First Post, looking for some insight.

I’ve been a long time lurker here and have learned a great deal.So to get to the point.

I bought my first canoe last year (Wenonah Aurora 16ft Royalex)and I’m happy to say I’ve been using it enough to justify the purchase. I’ve been on several lazy rivers (no more than a mild class 2) as well as several lakes both small and large. I’ve gone on camping trips, explored Reelfoot Lake, fished like a madman and generally had a great time.

What I really want to know is this. I canoe solo a lot and I do it from the bow seat facing rearwards. I trim the boat by filling a dry bag with water and putting it in the “bow” (actual stern). I think the bag is 30 liters and I try to fill it so the boat sits slightly “bow high”. Sometimes my gear includes a cooler and some beer, other times it’s me (260lbs) and some fishing poles and other times it’s all of the above. The boat I have has 1" rocker in the stern and 1.5" in the bow. The bow is also 21" deep (I think) and the stern is only 19". What I’m wondering is how does this impact paddling. It’s not a truly symmetrical hull and I’ve wondered how the asymmetrical rocker effects the handling of the canoe. For what it’s worth I paddle with a straight blade aluminum and plastic livery type paddle and I’ve become fairly proficient at using a J stroke ie I usually paddle from one side.

I appreciate any input you could give me as I’ve searched this but would like some more direct input.

No serious harm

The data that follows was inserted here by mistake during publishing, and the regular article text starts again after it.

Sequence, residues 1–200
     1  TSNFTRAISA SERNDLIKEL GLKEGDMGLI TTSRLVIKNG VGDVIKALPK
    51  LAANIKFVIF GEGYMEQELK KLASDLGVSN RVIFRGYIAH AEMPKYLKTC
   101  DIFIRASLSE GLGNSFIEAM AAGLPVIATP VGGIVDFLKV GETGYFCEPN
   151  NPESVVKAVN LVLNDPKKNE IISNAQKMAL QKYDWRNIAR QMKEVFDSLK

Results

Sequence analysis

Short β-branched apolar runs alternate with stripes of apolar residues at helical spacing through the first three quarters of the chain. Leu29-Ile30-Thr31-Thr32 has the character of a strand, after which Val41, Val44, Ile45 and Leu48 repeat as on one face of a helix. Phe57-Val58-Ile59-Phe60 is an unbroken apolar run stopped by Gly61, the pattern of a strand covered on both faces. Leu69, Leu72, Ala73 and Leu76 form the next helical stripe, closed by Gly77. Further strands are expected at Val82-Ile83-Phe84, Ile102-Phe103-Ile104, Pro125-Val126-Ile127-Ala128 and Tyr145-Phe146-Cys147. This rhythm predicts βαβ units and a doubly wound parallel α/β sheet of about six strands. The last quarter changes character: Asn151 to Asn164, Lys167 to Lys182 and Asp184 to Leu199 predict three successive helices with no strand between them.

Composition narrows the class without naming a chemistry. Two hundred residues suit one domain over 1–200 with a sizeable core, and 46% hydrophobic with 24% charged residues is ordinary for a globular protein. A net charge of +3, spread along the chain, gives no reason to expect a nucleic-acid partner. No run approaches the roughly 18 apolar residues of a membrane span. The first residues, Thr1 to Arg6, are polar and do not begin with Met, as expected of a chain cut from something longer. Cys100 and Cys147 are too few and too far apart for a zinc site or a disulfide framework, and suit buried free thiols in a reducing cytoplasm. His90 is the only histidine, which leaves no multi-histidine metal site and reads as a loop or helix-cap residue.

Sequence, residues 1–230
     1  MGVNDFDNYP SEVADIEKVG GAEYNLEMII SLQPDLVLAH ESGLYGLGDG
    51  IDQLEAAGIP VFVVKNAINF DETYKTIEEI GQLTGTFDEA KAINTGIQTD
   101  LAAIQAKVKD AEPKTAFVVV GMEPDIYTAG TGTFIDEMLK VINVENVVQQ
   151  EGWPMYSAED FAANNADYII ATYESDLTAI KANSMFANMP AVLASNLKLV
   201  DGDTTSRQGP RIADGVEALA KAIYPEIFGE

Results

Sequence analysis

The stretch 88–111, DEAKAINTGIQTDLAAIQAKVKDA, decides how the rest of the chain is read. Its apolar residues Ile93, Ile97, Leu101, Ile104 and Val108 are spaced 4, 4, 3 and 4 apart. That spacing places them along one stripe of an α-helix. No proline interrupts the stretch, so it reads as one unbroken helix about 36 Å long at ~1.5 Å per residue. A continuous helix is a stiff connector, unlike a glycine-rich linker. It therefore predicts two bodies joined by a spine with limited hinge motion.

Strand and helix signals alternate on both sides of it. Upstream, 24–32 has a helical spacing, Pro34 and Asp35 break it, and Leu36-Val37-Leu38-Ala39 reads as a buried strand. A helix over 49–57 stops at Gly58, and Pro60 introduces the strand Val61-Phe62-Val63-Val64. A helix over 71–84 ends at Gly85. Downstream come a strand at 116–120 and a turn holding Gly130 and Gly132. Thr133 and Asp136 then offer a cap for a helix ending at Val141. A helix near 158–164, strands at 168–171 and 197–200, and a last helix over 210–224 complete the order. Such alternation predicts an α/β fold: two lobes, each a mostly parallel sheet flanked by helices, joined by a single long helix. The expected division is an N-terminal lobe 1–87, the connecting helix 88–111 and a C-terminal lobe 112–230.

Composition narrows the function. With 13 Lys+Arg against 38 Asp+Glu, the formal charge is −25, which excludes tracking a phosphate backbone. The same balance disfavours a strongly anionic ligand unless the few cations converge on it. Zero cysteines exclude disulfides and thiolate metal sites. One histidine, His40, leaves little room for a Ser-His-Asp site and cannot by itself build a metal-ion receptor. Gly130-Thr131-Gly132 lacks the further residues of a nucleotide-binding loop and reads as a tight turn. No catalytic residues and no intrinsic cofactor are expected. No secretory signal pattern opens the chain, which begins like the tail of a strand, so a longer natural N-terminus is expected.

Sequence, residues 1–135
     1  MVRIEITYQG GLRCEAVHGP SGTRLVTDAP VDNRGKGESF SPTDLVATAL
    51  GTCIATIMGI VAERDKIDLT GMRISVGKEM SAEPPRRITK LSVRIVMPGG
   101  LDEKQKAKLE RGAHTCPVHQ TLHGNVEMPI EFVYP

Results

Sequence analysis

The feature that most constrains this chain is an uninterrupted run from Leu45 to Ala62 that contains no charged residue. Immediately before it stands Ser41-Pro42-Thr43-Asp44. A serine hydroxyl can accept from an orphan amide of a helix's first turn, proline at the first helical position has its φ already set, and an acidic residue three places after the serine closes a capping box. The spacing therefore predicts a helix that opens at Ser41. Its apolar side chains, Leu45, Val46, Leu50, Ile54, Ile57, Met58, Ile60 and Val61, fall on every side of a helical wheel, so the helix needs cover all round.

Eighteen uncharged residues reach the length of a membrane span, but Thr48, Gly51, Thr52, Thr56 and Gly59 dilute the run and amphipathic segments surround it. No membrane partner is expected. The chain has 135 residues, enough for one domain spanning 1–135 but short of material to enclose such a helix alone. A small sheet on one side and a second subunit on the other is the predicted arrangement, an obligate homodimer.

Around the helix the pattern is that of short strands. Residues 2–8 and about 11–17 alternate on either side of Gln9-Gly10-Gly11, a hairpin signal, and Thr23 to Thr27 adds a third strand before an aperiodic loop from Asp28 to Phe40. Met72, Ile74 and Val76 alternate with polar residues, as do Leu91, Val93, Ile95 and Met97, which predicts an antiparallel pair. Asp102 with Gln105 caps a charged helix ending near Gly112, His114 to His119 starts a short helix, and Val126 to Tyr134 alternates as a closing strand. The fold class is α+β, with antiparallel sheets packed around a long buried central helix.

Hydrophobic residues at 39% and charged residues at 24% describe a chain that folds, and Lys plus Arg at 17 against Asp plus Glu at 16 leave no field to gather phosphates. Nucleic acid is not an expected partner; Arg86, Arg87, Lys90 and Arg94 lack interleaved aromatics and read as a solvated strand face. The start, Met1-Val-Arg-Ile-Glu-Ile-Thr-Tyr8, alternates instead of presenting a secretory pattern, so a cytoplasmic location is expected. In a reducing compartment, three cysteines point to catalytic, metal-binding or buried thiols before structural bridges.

in turning around an assymetric boat. Your post more or less answers your question. With the low end (stern) forward you’ll be more vulnerable to shipping water. And, with less rocker at the “front”, it will be a bit harder to turn. But, nevertheless a better solution than trying to solo from the rear seat.

A commonly employed solution is to install a kneeling thwart back a couple of feet from the center - usually in place of the existing thwart. That gets the boat going the right way and and puts you where you need to be for better control and trim.


There are all sorts of symmetry, with the depth at the ends just being one part. For example, the boat could be perfectly symmetrical below the water line, but just with a different sheer (height of gunwales). Some Wenonahs look radically asymetrical, like the Itasca, but really aren’t that different below the water line.

The differences really come in to play when perfectly trimmed and moving at a good clip, neither of those things are likely an issue when soloing.

For excellent, pinpoint control soloing a tandem look into classic Canadian style/style paddling/northwoods style/Omering - all the same thing, basically kneeling near the centre and off to the side so the boat heels (leans). If your knees can take it and you’re flexible enough it is a great way to solo any tandem. It is very efficient, too, since your paddle strokes are close to the center-line of the part of the boat that is in the water (footprint, I guess).

I’ve made a mistake before - don’t look for problems if none are present. If with your current set up you are able to control the canoe reasonably well and don’t feel like you are working too hard, and are comfortable enough . . . well it ain’t broke. Sounds like you are having fun, so that’s the main thing!